Mizzou RBs look SEC-ready; the rest of the offense, not quite yet
AUG 21, 2014 8:19p ET
COLUMBIA, Mo. -- Missouri's veteran tailbacks could be just the leaders the Tigers need to carry an offense looking to fill quite a few big shoes.
The Tigers' 1,000-yard rusher, Henry Josey, is gone after an inspiring senior season, but junior Russell Hansbrough and senior Marcus Murphy clearly aren't lacking in ability or experience. Both running backs rushed for more than 600 yards and combined for 13 touchdowns during Mizzou's improbable 2013 campaign.
"We have to come out every day and prove we can just stay healthy," said Murphy, who added a receiving touchdown to go along with his nine scores on the ground. "We have to stay fresh on our feet. One guy may get tired, we have to have the other guy be able to step up and come in and don't lose a step."
Coach Gary Pinkel knows that could be especially true in the Tigers' Aug. 30 home opener against South Dakota State, which is scheduled for a 2:30 p.m. kickoff. Thursday morning's hot scrimmage provided a preview of sorts, and it's safe to say the running backs held up well.
Hansbrough's 55-yard touchdown run was the highlight of the day, though it might have happened because the second-string defense was momentarily stunned to see quarterback Maty Mauk actually under center. Few defenders even had a chance to make the tackle thanks to the work of the offensive line, which Murphy said has been dominant throughout fall camp.
Expect Hansbrough to become the primary option in the running game and eclipse last year's total of 114 carries, which came with a respectable average of six yards per carry but only four touchdowns. Murphy said the junior looks ready to become the Tigers' fourth different No. 1 option in the last five years.
"He's improved a lot since last year, his run reads and even his leadership," Murphy said. "The experience helped him a lot, so he can carry the load. And with the other backs helping him out and me playing receiver and running back, I think we'll be good with the rotation."
Coaches want to get the ball to Murphy in space any way they can, and the elusive preseason first-team All-American punt returner has shown he can line up out wide on either side of the ball or in the backfield. Mauk said sophomore Morgan Steward should also add some valuable depth when he returns from a hip injury, and freshman Ish Witter turned some heads when he broke free for a 31-yard run late in Thursday's scrimmage.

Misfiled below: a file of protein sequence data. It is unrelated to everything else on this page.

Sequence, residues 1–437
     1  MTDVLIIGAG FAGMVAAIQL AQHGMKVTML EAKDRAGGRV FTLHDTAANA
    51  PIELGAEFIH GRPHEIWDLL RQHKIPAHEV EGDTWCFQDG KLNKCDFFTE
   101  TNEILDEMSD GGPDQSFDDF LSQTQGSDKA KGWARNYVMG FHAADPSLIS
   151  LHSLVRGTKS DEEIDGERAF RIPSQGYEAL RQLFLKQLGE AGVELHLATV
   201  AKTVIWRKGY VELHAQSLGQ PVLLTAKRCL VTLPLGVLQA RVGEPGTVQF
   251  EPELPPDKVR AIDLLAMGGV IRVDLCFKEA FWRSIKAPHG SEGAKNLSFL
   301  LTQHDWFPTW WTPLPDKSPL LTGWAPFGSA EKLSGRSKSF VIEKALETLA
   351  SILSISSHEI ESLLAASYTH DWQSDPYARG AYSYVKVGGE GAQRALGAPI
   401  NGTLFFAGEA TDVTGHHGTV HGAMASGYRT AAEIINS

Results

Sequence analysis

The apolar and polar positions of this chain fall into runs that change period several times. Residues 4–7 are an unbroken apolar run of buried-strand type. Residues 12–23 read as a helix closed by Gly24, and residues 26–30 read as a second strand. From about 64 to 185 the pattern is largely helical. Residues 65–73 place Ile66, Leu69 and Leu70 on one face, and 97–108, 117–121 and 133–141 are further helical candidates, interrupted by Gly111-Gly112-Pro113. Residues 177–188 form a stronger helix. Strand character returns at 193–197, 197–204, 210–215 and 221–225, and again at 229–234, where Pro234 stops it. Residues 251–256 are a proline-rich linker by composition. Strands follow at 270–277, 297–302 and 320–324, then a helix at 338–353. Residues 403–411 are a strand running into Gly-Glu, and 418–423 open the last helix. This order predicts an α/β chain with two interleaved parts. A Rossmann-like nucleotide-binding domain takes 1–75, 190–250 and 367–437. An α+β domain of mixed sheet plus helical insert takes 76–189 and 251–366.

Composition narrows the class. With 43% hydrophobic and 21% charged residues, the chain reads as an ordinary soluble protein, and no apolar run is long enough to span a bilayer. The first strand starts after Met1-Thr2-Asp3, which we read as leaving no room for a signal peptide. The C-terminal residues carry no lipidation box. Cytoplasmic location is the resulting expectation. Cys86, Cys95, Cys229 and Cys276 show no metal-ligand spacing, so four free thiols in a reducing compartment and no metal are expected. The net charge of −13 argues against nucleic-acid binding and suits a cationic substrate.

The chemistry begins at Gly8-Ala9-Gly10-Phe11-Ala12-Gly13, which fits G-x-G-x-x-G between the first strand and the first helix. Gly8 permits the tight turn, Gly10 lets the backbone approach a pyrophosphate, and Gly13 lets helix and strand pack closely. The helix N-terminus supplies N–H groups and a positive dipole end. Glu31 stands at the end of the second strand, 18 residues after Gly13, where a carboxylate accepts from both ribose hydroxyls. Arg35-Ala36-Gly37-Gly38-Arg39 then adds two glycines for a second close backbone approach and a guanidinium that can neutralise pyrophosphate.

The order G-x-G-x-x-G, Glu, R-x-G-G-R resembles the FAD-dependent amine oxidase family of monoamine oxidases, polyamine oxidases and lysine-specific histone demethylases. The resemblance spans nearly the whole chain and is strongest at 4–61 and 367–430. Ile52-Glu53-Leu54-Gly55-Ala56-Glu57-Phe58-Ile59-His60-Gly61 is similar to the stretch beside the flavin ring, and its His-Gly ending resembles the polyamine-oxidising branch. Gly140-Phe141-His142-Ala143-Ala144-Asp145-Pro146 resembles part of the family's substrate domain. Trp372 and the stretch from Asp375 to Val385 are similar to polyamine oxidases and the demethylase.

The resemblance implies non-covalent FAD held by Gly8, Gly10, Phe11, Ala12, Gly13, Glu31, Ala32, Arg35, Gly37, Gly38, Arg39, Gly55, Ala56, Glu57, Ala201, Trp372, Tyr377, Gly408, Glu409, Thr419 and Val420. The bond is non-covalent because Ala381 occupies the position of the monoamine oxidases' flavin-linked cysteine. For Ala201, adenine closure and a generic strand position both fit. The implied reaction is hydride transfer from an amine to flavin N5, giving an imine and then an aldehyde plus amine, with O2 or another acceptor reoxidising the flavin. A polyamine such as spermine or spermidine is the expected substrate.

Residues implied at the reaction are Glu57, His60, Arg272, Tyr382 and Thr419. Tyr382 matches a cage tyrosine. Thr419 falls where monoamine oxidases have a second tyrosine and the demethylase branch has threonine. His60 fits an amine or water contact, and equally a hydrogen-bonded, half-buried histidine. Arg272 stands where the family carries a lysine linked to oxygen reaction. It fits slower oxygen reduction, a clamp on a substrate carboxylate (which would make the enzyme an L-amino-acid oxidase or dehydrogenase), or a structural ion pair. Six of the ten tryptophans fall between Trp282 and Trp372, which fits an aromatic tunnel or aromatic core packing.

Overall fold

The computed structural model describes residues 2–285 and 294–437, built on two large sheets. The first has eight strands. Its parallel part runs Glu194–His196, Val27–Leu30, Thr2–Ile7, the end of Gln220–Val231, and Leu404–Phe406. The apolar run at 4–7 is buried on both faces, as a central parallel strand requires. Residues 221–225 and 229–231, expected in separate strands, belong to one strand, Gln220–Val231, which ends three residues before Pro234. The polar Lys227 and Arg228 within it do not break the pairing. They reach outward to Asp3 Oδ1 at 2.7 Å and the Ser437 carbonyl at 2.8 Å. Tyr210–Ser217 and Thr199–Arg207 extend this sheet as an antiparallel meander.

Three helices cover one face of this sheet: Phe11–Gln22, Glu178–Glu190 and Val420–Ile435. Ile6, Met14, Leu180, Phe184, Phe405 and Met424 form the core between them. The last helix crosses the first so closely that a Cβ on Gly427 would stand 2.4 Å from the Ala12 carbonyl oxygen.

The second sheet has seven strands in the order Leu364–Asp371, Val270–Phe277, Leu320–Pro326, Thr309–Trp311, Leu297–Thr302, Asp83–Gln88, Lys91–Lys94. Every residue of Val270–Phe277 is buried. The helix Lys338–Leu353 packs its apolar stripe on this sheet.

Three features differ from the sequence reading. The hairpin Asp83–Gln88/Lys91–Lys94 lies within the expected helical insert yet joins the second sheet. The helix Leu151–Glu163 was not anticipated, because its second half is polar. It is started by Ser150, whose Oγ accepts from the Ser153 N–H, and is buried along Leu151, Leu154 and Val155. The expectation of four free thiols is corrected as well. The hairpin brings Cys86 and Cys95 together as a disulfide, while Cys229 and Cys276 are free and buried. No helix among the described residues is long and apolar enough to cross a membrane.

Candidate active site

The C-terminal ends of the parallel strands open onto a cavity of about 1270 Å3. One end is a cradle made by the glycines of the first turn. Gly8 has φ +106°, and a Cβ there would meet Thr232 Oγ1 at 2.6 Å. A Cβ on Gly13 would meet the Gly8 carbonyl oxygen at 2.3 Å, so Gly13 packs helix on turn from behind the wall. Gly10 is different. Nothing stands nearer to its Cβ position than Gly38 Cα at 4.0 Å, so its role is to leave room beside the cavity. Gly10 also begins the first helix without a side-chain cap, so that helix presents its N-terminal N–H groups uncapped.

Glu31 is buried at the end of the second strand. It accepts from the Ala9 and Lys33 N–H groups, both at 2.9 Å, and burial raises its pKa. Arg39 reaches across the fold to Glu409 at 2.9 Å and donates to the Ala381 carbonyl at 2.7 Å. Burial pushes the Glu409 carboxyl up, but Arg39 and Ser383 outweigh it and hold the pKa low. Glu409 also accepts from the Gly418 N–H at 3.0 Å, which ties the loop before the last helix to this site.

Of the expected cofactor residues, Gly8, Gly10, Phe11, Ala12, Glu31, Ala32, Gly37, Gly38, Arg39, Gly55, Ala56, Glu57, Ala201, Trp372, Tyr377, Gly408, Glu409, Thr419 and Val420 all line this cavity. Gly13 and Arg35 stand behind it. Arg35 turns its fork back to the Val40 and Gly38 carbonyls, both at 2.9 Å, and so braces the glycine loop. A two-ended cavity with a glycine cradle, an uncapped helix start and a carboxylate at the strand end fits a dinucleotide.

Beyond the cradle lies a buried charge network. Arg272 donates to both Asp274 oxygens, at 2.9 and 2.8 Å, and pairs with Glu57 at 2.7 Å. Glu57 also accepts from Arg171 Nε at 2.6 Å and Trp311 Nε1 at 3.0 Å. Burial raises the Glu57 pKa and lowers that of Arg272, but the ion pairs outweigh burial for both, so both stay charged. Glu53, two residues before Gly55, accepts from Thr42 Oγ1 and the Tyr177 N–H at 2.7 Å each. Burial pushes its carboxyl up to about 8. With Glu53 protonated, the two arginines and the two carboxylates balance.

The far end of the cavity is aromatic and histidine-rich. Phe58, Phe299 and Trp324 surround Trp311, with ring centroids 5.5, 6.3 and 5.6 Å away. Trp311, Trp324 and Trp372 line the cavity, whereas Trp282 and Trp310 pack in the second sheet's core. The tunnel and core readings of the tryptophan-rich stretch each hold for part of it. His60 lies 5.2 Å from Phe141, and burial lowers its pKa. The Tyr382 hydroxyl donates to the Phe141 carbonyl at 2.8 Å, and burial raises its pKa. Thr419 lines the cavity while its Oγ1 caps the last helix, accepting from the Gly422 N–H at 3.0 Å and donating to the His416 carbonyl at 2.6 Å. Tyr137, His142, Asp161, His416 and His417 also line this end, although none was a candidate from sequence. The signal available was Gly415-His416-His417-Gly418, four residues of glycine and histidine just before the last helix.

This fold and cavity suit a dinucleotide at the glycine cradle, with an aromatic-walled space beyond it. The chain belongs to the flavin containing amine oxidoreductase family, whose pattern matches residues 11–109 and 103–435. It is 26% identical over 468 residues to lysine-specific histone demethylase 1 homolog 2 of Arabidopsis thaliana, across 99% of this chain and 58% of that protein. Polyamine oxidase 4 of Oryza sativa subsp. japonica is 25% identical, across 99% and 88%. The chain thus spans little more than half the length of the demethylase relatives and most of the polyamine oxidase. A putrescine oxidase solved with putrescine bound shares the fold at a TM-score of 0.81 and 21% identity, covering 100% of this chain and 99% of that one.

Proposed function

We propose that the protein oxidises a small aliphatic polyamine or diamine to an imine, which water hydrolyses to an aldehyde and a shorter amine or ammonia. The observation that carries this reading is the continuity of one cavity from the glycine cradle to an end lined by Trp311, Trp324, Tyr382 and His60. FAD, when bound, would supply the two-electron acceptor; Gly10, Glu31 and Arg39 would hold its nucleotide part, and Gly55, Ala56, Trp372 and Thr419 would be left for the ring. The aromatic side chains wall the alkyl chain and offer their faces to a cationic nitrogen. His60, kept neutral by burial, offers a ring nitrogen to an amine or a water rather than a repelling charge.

Pinkel spoke mostly in generalities during a brief postgame interview, which included high praise for a talented freshman class. He said they're beginning to understand the importance of consistent effort in order to improve as a team every day.
"We did a lot of good things," Pinkel said. "But we don't want to just be good; we want to be better than good."
Inconsistency again plagued the passing game, where Hansbrough was also involved in the lowlight of the scrimmage. He was the target of an errant backward dump-off by Mauk, which was scooped up by linebacker Eric Beisel for a touchdown and led Pinkel to rightly ask, "What the hell was that?"
Some miscommunications and bad breaks by receivers resulted in several throws that might not have even landed on the same screen as their intended targets had the scrimmage been televised. But Mauk insisted he's not worried about his low completion percentage -- he had solid production last year despite connecting on just 51 percent of 133 passes -- and said the offense will remain balanced.
"We're going to go out there, there's going to be different things that we've got to do," Mauk said. "If I've got to run, I've got to throw, if we're going to run the ball with the backs, whatever we've got to do we're going to do it."
It's quite possible all of that will work against the Jackrabbits of SDSU, an offensive-minded FCS team that ranked 58th in the country with 382.1 yards per game in 2013. But for the SEC opener at South Carolina or even a tricky road test at Toledo, Mizzou's running game appears to be closest to game-ready.
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